A unique view of the distant Vehicle Assembly Building at Kennedy Space Center taken from the rooftop of the Atlas Spaceflight Operations Center at Cape Canaveral Air Force Station shows in the foreground an Osprey nesting platform atop a pole. A small reminder that there is room for Ospreys in the Space Age provided for by the fish-filled waters of Cape Canaveral.
Categories: Space Age Bulletins • Tags: ASOC, Atlas Spaceflight Operations Center, Cape Canaveral Air Force Station, Kennedy Space Center, KSC, Osprey, Pandion haliaetus, VAB, Vehicle Assembly Building
A group of photographers who had set up along the ITL Causeway shoreline for the launch of AEHF-5 were surprised to find as the light of dawn crept into the eastern sky that a large alligator was just a few feet away watching them intently as my fuzzy low-light photo shows. That is Space Launch Complex-37 on the horizon, which is used to launch the Delta family of rockets at Cape Canaveral Air Force Station. Happily for all involved, everyone […]
Over the next two days I have been invited to the United Launch Alliance Social touring ULA and Air Force facilities at Cape Canaveral Air Force Station culminating in the launch of an Atlas V rocket carrying AEHF-5 in support of our warfighters. Click to learn more about the AEHF-5 mission. More to come about this mission and the Social in the days to come.
To understand the purpose of this odd looking ship docked at Port Canaveral is to recognize that rocket fairings cost upwards of $6 million a piece. Until recently these important covers of the Falcon 9 rocket’s payload, protecting the payload through the thicker parts of the Earth’s atmosphere as the rocket roared upward, were simply allowed to crash at their own leisure into the ocean once they were jettisoned as the rocket moved up out of the thickest part of […]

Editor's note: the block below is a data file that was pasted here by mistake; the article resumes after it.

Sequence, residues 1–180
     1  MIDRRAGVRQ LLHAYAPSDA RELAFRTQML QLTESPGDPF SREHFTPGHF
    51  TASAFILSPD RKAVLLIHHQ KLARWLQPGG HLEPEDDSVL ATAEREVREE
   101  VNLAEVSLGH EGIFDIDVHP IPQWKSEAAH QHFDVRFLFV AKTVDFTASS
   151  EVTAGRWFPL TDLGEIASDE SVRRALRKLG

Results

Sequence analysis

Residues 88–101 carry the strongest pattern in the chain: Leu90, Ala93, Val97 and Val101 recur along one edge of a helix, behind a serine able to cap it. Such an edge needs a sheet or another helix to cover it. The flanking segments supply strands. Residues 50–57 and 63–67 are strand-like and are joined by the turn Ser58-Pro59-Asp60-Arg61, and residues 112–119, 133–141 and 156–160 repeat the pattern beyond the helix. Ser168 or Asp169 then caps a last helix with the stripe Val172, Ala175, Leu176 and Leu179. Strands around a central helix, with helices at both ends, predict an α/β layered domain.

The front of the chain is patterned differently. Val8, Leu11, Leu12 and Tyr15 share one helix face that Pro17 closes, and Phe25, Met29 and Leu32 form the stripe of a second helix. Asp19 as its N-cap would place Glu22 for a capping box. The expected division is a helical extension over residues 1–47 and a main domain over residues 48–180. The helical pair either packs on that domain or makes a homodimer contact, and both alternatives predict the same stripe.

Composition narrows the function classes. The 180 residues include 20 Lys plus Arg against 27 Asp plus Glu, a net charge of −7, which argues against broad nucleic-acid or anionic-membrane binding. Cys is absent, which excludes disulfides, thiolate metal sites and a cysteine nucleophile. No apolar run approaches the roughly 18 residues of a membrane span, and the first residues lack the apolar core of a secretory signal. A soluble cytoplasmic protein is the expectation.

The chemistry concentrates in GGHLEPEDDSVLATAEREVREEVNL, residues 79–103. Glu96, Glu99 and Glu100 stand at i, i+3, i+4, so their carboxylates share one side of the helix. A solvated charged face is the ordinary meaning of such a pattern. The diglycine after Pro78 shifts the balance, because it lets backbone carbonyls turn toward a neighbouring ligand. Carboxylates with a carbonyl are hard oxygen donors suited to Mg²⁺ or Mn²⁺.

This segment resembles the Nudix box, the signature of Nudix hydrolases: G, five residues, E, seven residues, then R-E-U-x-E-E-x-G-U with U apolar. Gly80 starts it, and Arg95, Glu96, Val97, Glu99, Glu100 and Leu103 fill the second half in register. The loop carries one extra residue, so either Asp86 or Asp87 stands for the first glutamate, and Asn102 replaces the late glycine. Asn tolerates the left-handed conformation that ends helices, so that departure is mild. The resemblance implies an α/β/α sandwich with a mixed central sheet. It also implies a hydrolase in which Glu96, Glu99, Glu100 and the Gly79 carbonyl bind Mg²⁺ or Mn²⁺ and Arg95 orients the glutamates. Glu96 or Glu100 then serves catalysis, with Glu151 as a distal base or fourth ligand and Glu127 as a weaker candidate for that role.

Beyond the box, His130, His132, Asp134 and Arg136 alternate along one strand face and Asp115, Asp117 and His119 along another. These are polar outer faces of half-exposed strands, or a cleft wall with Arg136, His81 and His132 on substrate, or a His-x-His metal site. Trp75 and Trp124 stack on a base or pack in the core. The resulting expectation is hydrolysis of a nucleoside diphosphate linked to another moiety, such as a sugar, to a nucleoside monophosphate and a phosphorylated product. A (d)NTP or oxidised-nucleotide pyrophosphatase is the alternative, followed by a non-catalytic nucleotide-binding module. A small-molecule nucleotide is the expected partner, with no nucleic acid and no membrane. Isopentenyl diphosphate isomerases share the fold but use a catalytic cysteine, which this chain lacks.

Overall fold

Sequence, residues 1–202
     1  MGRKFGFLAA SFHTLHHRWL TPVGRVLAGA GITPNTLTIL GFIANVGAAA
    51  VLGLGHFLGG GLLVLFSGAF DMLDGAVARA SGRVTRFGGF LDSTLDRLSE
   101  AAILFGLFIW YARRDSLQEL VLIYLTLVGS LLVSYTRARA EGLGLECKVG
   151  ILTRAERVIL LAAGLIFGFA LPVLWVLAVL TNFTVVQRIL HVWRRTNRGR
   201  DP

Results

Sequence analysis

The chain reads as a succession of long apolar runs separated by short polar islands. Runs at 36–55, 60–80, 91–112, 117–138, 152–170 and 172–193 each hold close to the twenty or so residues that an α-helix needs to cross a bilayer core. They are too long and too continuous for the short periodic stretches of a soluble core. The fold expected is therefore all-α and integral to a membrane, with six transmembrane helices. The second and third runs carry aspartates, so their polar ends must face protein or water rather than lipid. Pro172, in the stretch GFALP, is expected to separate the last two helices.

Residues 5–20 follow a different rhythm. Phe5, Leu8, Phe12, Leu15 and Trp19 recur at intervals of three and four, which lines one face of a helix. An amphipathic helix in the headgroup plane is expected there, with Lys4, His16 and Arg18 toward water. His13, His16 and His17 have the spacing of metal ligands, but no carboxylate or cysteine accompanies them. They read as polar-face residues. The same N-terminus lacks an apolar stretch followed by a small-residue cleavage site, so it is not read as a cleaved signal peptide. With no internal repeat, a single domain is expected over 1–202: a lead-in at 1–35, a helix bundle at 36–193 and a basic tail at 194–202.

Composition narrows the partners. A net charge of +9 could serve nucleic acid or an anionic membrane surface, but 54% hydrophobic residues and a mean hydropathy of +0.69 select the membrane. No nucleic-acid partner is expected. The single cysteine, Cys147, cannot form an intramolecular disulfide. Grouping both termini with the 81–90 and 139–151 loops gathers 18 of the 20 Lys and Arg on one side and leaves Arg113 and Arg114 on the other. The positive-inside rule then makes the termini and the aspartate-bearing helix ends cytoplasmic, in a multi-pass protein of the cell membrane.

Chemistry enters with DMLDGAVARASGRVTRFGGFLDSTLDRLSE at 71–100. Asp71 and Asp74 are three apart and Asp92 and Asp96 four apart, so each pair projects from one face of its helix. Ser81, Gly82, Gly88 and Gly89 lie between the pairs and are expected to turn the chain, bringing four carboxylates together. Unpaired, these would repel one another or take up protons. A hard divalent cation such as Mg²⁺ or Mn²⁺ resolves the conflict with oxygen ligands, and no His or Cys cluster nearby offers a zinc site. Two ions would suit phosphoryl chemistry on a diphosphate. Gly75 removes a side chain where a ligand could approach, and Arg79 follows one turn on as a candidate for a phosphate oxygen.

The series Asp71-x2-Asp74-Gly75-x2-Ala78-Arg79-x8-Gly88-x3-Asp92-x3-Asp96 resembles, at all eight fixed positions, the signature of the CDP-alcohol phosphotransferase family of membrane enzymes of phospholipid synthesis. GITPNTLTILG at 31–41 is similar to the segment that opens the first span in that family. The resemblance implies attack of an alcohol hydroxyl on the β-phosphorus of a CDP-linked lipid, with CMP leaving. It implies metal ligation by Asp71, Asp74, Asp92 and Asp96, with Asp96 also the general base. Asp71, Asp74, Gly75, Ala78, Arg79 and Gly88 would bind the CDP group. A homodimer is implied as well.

Chances were slim the massive front of disturbed weather filled with rainstorms and lightning trekking across Florida would clear out of the area in time for the launch of a SpaceX Falcon 9 rocket sending a Dragon spacecraft filled with supplies to the International Space Station on 24 July 2019. As expected, the bad weather forced the rocket to remain on the ground at Launch Complex 40 at Cape Canaveral Air Force Station pending its next launch attempt on 25 […]
NASA decided to quarantine the Apollo 11 astronauts and their lunar samples immediately upon opening the spacecraft hatch after splashdown on 24 July 1969 to guard against the remote possibility of the Apollo astronauts returning from the Moon infected with extraterrestrial diseases. The reverse was also true. Scientists wanted the lunar samples quarantined against any chance of contamination by terrestrial organisms to keep the lunar samples as pure as possible for study. According to NASA, “The MQF [Mobile Quarantine Facility] […]
This biological isolation garment was worn by Astronaut Buzz Aldrin upon his return to earth after his Apollo 11 flight in July of 1969. The National Air and Space Museum explains that “These garments were worn from the moment the hatch was opened after splashdown until the astronauts were sealed inside the Mobile Quarantine Facility in the unlikely case that the astronauts had been infected with some sort of extraterrestrial life form. It was expected that these suits would keep […]
The Apollo Lunar Module Simulator used by the astronauts to practice landings on the Moon while at Kennedy Space Center is now on display at the Saturn V Center at the Kennedy Space Center Visitor Complex. For Apollo 11, Commander Neil Armstrong would be standing at the controls at left, while Lunar Module Pilot Buzz Aldrin stood at right. Note the small hatch below the control panel through which they would have to crawl through to get in and out […]
Lunar Module-2 built my Grumman Aerospace Corporation in the mid-1960s was held by NASA as a spare if the unmanned test flight of Lunar Module-1 was not successful. Following the successful completion of that flight, there was no longer an urgent need to fly LM-2 in space so the vehicle remained Earthbound and was used in integration testing with other components of the flight hardware, especially the Saturn V rocket. By 1969 NASA had no further need for LM-2 so […]